Monday, December 14, 2015

“Dedication of Firstborn” Adult Sunday School Lesson

International Sunday School lesson
For Sunday December 20, 2015

Purpose: To celebrate the climax of God’s long plan of salvation in the birth of Jesus

Bible Lesson: Exodus 13:13b-15, Luke 2:22-32

Background Scripture: Exodus 13:11-16; Leviticus 12; Numbers 3:5-13; Luke 2:21-39

Key Verse: When the time came for their ritual cleansing, in accordance with the Law from Moses, they brought Jesus up to Jerusalem to present him to the Lord. (Luke 2:22)

Exodus 13:13b-15 (CEB)
(13) You should ransom every oldest male among your children. (14) When in the future your child asks you, ‘What does this mean?’ you should answer, ‘The Lord brought us with great power out of Egypt, out of the place we were slaves. (15) When Pharaoh refused to let us go, the Lord killed all the oldest offspring in the land of Egypt, from the oldest sons to the oldest male animals. That is why I offer to the Lord as a sacrifice every male that first comes out of the womb. But I ransom my oldest sons.’

Luke 2:22-32 (CEB)
(22) When the time came for their ritual cleansing, in accordance with the Law from Moses, they brought Jesus up to Jerusalem to present him to the Lord. (23) It’s written in the Law of the Lord, “Every firstborn male will be dedicated to the Lord.” (24) They offered a sacrifice in keeping with what’s stated in the Law of the Lord, A pair of turtledoves or two young pigeons. (25) A man named Simeon was in Jerusalem. He was righteous and devout. He eagerly anticipated the restoration of Israel, and the Holy Spirit rested on him. (26) The Holy Spirit revealed to him that he wouldn’t die before he had seen the Lord’s Christ. (27) Led by the Spirit, he went into the temple area. Meanwhile, Jesus’ parents brought the child to the temple so that they could do what was customary under the Law. (28) Simeon took Jesus in his arms and praised God. He said, (29) “Now, master, let your servant go in peace according to your word, (30) because my eyes have seen your salvation. (31) You prepared this salvation in the presence of all peoples. (32) It’s a light for revelation to the Gentiles and a glory for your people Israel.”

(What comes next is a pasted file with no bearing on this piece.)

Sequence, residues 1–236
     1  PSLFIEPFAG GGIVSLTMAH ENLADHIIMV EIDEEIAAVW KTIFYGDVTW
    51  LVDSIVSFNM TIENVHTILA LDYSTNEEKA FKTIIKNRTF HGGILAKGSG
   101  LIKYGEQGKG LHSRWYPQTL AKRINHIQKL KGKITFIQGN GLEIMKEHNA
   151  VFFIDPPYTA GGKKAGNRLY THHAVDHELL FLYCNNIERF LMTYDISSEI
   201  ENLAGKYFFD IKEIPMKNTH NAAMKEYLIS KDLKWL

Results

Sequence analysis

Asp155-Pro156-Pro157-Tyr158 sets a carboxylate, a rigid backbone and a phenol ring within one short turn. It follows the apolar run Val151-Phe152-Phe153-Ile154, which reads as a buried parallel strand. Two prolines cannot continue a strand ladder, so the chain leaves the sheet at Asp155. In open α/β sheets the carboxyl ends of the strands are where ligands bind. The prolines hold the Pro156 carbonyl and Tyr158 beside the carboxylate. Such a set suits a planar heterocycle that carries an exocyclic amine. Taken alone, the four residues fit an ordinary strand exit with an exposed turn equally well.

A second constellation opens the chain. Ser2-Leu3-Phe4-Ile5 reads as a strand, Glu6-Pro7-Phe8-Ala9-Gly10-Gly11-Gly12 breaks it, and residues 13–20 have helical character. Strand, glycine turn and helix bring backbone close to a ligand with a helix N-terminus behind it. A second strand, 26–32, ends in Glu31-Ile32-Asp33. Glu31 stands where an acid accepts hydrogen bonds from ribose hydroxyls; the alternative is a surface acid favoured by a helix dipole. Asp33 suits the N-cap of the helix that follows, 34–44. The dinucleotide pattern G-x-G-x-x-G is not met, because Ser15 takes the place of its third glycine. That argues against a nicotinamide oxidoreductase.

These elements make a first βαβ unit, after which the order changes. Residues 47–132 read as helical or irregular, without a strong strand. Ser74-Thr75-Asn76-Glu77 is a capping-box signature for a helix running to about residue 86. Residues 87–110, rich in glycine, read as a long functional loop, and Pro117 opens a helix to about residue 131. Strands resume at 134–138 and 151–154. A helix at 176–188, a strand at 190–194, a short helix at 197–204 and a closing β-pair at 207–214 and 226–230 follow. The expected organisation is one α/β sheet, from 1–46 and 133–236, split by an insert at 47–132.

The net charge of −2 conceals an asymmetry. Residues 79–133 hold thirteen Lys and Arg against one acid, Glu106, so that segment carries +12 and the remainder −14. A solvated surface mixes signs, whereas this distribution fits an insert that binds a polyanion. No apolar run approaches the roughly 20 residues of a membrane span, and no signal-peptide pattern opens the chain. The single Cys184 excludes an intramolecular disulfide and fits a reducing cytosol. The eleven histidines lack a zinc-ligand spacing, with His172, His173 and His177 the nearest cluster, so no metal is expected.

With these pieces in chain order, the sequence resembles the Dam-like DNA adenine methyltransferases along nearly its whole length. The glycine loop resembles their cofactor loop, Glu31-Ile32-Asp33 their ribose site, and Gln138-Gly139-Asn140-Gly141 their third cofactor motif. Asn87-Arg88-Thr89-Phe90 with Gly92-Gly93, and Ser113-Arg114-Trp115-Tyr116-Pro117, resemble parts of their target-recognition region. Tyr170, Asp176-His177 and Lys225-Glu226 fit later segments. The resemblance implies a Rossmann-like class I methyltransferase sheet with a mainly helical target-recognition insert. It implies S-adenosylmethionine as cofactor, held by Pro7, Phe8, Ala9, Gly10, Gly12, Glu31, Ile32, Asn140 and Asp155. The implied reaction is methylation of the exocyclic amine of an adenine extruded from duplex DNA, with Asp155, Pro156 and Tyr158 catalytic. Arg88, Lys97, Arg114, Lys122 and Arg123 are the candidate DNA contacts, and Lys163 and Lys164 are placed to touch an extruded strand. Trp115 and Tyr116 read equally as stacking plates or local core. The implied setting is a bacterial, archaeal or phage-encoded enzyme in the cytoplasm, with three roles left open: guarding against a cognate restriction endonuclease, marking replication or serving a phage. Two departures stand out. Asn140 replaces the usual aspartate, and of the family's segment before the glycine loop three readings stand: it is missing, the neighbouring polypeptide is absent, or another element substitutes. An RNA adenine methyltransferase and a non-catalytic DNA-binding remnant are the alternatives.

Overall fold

My Thoughts by Burgess Walter

I think this lesson could be made a lot more complicated than it really is. I will try and explain what I think the lesson teaches us.

Most of us are familiar with the story of Abraham and Isaac, and how Abraham was prepared to sacrifice Isaac, but God provide a ram caught in a thicket as a ransom for Isaac. In the story of creation, we know that the first born son was Abel, but he was killed by Cain. In the story of the children of Israel being brought out of Egypt, a ransom of the firstborn male of every living thing was required, unless the blood was painted over the door post of a home.

So the children of Israel were ransomed by the death of the Egyptian first born sons. All of this sets up a pattern for God to redeem his creation,

In the birth, death and resurrection of Jesus we see God’s plan come to fruition. In our text from Luke there are two ceremonies that appear as one.

In Luke 2:21 it says, “When eight days had passed, Jesus’ parents circumcised him and gave him the name Jesus. This was the name given to him by the angel before he was conceived.” This is a separate event from what follows.

In our printed text in verse 2:22-24 of Luke we have two events. First there is the ransom of Jesus as the first born son of Mary, and there is the purification of Mary. After giving birth and a during a woman's menstrual cycle women were considered unclean and could not worship, or come in contact with people until they were ceremonially purified. After giving birth this time lasted for 33 days. So the appropriate offering was made as a ransom for Jesus and as purification for Mary. (pair of turtledoves or two young pigeons,)

All of this sets up Jesus, God’s first born son to become the ransom paid for our own redemption. This is what Anna, and Simeon knew. They both knew (by the Holy Spirit) Jesus was the redeemer of God’s creation, not just for Israel but for the whole world.

There is only one hymn that comes to mind, “Redeemed How I love to Proclaim it.”

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